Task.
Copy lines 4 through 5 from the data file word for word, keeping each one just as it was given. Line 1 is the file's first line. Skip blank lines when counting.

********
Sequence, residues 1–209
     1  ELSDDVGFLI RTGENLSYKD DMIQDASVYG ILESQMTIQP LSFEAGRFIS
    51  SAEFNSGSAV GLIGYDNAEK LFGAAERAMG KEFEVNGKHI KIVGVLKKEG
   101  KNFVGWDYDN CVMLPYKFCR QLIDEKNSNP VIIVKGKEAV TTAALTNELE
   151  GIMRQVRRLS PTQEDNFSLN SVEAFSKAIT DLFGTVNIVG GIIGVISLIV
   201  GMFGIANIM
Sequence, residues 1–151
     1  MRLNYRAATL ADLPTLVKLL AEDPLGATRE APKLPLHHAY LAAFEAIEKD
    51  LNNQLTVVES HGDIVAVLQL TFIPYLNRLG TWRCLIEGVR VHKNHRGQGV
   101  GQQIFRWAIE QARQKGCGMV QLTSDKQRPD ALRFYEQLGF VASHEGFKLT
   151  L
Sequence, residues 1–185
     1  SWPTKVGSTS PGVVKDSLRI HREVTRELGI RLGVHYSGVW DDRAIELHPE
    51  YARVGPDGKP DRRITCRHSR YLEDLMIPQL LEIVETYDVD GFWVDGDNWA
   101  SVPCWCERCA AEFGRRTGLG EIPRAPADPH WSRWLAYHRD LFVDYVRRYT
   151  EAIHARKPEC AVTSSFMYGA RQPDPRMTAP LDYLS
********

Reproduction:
   101  KNFVGWDYDN CVMLPYKFCR QLIDEKNSNP VIIVKGKEAV TTAALTNELE
   151  GIMRQVRRLS PTQEDNFSLN SVEAFSKAIT DLFGTVNIVG GIIGVISLIV